Again, I acknowledge that these celebrity speakers may have plenty to say. (But not necessarily. I have seen some phoned-in appearances, as have we all. And who knows what interesting things a newbie or less-famous law professor might have said in their place, given both his or her actual expertise in the subject and the extra effort that might result from gratitude at being invited to speak?) I also know there is real interest in hearing them speak. Nevertheless, precisely because of all the collective action problems and the difficulty of keeping things to a reasonable level of repetition, I would suggest that the AALS, and all of us, would be better off with a fairly rigid rule-based approach here. That might consist of a limit on the number of speaking appearances any individual person can make per year at AALS, a limit on the number of times they can speak in a three-year period, or some combination or variant of the two.
To those reasonably plausible proposals, I would add a brace of less likely suggestions, acknowledging their somewhat Swiftian character, although I also admit to finding them intriguing. First: Once someone has made a certain total number of AALS appearances--25, say--they should be singled out for public recognition and applause at the annual meeting or in the program, given the equivalent of a gold watch or membership in an AALS Hall of Fame, and banned entirely from speaking at AALS for a period of, say, five years. Second, as a way to counter the incentive of individual section meeting planners to invite overexposed celebrity profs to speak, in order to secure attendance and improve the section's scheduled slot in the following year, while balancing that against the possibility that a section planner might think it's really vital to have that overused speaker, we could go with something like this: The AALS will compile a list of overexposed speakers. (Plenty of people would be willing to help with that effort.) Section planners will not be forbidden to invite one of them to serve as a speaker. But if they do, that section is automatically assigned an unattractive slot on the last day of the conference the following year. That way, a section planner who thinks it is absolutely necessary to invite Overexposed Speaker X to participate can do so--but he or she had better decide it's really worth it, because the section will suffer for it the year after.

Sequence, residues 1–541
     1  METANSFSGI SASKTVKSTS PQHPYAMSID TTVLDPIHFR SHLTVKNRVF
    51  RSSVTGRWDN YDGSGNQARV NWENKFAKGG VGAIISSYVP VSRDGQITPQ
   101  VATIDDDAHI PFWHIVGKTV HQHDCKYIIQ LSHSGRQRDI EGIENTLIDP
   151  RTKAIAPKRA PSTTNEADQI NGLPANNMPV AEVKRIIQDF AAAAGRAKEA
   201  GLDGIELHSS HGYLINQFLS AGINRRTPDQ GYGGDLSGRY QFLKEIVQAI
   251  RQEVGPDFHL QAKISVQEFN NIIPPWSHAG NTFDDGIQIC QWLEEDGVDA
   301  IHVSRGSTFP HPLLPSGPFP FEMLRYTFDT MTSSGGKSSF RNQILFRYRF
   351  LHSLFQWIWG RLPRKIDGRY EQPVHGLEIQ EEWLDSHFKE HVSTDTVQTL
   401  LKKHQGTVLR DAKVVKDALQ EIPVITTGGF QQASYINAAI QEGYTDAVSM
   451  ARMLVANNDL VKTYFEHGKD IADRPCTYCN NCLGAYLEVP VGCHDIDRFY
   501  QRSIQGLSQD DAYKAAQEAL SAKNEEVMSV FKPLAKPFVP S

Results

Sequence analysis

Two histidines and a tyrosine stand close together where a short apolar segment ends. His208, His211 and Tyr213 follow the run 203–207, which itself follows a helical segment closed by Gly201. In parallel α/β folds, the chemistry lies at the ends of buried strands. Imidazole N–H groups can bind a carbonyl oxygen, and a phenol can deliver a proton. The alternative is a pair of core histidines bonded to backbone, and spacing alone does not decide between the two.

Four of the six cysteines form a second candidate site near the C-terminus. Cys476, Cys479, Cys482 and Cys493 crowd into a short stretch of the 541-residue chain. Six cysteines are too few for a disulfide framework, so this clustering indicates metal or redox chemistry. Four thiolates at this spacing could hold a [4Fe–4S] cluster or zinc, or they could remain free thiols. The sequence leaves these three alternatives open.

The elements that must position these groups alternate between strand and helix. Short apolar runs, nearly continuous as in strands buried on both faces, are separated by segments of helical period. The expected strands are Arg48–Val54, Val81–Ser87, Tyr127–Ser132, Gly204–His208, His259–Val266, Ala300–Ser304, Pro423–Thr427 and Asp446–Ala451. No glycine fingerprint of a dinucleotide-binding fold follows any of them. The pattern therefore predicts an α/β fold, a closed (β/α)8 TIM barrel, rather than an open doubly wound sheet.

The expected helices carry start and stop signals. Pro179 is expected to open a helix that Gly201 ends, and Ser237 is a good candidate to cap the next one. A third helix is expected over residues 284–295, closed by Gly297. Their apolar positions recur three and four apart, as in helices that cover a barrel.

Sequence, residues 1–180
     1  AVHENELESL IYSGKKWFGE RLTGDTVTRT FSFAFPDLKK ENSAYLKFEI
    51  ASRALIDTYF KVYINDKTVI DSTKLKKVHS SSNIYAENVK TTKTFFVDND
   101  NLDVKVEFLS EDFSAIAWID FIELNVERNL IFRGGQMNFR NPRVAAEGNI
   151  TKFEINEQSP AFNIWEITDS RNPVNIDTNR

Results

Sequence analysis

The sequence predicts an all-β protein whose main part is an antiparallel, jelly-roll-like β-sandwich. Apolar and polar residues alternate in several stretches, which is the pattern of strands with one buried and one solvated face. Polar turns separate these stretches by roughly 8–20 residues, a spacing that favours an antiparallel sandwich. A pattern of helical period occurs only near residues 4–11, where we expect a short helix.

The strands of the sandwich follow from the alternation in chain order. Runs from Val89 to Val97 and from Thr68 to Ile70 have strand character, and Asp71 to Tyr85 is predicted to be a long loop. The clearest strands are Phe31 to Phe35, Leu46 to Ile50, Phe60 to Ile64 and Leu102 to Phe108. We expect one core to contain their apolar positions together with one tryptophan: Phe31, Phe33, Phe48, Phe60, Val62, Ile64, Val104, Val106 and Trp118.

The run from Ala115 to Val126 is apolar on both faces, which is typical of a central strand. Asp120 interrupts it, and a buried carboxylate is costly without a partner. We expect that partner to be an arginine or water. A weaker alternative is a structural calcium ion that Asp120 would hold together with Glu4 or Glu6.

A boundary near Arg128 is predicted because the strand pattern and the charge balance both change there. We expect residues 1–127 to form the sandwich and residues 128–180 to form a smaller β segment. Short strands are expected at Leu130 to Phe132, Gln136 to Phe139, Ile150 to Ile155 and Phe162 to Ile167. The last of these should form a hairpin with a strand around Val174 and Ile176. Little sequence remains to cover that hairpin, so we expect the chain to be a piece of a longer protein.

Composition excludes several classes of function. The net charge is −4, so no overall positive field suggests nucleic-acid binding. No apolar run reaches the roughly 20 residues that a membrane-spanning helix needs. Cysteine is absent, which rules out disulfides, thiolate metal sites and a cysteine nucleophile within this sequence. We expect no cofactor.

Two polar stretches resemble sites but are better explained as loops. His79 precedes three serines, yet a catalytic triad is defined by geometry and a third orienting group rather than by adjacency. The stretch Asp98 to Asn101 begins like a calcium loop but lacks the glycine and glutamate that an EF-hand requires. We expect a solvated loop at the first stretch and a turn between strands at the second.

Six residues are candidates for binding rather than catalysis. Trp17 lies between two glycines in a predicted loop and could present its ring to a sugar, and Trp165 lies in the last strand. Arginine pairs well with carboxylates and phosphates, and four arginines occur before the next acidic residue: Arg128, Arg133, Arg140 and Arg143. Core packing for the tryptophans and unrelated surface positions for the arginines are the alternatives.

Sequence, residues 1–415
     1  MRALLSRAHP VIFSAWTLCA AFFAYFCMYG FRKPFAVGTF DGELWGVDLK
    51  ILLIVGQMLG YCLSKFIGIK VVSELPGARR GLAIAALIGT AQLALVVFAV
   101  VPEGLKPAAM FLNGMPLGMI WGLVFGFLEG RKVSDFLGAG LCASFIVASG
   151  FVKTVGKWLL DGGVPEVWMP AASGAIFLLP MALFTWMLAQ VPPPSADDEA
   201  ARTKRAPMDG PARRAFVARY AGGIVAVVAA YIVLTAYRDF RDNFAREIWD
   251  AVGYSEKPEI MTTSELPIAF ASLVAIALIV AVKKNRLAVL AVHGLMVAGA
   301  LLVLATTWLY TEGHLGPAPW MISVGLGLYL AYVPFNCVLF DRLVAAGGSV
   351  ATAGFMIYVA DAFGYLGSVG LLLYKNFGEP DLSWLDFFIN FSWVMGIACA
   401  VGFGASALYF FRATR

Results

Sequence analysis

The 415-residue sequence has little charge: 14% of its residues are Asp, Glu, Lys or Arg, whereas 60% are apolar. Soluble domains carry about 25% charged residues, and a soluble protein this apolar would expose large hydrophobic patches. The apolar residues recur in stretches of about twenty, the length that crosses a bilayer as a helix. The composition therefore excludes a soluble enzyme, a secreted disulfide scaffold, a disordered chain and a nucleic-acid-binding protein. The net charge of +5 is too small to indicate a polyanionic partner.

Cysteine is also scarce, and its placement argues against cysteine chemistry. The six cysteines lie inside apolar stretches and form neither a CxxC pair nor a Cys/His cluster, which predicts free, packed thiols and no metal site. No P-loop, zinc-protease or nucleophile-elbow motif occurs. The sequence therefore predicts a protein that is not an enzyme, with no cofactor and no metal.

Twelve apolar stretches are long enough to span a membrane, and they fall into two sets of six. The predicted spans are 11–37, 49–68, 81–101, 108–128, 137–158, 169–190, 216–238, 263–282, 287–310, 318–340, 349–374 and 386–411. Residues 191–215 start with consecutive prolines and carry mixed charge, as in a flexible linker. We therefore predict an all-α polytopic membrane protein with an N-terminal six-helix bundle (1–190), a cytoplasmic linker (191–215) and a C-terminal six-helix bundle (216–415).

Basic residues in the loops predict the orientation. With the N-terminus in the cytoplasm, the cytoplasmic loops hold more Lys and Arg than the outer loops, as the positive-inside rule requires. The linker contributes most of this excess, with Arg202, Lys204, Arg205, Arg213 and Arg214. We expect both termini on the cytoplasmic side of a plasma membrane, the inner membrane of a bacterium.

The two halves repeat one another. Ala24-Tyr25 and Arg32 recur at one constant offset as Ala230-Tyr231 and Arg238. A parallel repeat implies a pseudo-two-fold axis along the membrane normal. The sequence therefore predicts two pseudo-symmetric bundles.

These measures are obviously draconian. Like most rules, they are over-and under-inclusive, but may be necessary where standards won't suffice to solve the problem and it's better to have a firm rule. It may be worth it here; a "drive sensibly"-type standard is clearly not working. Such an approach would do a world of good, I think, especially for younger and less famous law professors from the more plebeian schools. Although it's not a principle reason for my suggestion, I would note that a policy along these lines would also be good for minority professors, both senior and junior, and in some cases would remedy the slight, perhaps only seeming, absurdity of some majority-group, elite celebrity professor being invited repeatedly to take the spotlight, and accept the plaudits, to pronounce on the virtues of diversity or the equal importance of all law schools, while junior professors, denizens of lower-ranked schools, and minorities are effectively frozen out of that speaking slot.
A few counterpoints and concluding observations after the jump.
Three concluding notes about this proposal. First, I repeat that it is in the nature of a "modest proposal," is unlikely to occur, and definitely has its share of arbitrariness. Think of it, in part, as a way to bring the issue of overexposed celebrity speakers at AALS to the surface and provoke discussion about it. Still, I'm not sure how much we should worry about its being somewhat arbitrary. It is arbitrary, but not terribly unjust, unless you think that being prevented from making Panel Appearance Number 26 is terribly unjust. And we might ask: Even if such a rule is arbitrary, what's the worst that would happen? On the one hand, we would lose some valuable remarks from some valuable speakers. On the other, as I think everyone agrees, not every celebrity speaker makes valuable remarks on every occasion, and some of them make the same points, albeit potentially valuable ones, repeatedly, so we wouldn't really lose that many insights on net. If they couldn't speak so often, they might only accept invitations to speak on the occasions where they believed could make the best contribution. We would hear from a wider and newer range of speakers, some of whom would turn out to have unexpected and terrific things to say. We might get more, and more varied, forms of diversity in the universe of conference speakers. Those possibilities seem worth the cost of a firm and somewhat arbitrary rule.